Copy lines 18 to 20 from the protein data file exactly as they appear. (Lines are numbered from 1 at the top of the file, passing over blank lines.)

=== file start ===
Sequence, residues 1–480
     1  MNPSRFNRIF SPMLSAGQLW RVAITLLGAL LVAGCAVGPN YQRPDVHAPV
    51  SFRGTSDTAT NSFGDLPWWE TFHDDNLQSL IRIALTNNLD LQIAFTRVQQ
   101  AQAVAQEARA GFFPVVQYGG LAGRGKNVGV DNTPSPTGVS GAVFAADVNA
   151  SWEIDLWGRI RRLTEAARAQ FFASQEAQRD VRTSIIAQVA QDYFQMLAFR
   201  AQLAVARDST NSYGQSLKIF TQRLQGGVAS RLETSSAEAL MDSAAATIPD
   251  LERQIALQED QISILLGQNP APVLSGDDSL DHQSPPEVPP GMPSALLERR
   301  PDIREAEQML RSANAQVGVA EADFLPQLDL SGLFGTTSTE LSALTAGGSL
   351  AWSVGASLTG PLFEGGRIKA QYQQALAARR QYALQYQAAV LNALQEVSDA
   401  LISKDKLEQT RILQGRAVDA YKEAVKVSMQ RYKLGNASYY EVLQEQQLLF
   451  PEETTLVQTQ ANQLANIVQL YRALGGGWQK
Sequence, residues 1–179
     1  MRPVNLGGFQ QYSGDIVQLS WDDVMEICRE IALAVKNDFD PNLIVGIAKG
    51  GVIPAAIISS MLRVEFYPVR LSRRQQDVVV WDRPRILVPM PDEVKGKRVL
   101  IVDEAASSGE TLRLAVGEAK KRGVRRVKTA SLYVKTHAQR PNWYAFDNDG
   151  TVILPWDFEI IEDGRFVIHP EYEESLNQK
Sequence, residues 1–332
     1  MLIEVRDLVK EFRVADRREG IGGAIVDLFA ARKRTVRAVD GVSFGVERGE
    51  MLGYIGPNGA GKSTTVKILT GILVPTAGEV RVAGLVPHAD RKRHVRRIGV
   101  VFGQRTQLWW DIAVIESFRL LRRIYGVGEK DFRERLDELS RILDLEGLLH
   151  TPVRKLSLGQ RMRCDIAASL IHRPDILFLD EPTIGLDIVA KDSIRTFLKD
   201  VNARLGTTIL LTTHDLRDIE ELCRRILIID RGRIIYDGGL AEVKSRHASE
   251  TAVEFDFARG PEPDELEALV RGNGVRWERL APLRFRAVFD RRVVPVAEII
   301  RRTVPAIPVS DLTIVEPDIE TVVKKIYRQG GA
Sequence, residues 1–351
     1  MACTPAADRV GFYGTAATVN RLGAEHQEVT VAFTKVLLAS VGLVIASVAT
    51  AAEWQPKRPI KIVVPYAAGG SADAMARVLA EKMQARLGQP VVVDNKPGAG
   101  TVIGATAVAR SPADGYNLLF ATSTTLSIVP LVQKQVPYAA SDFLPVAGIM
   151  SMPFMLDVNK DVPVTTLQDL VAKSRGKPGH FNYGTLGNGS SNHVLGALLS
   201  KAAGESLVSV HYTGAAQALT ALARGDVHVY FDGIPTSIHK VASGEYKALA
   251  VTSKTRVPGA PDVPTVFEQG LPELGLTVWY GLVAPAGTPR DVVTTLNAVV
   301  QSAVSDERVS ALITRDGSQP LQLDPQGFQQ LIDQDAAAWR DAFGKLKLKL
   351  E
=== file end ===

     1  MLIEVRDLVK EFRVADRREG IGGAIVDLFA ARKRTVRAVD GVSFGVERGE
    51  MLGYIGPNGA GKSTTVKILT GILVPTAGEV RVAGLVPHAD RKRHVRRIGV
   101  VFGQRTQLWW DIAVIESFRL LRRIYGVGEK DFRERLDELS RILDLEGLLH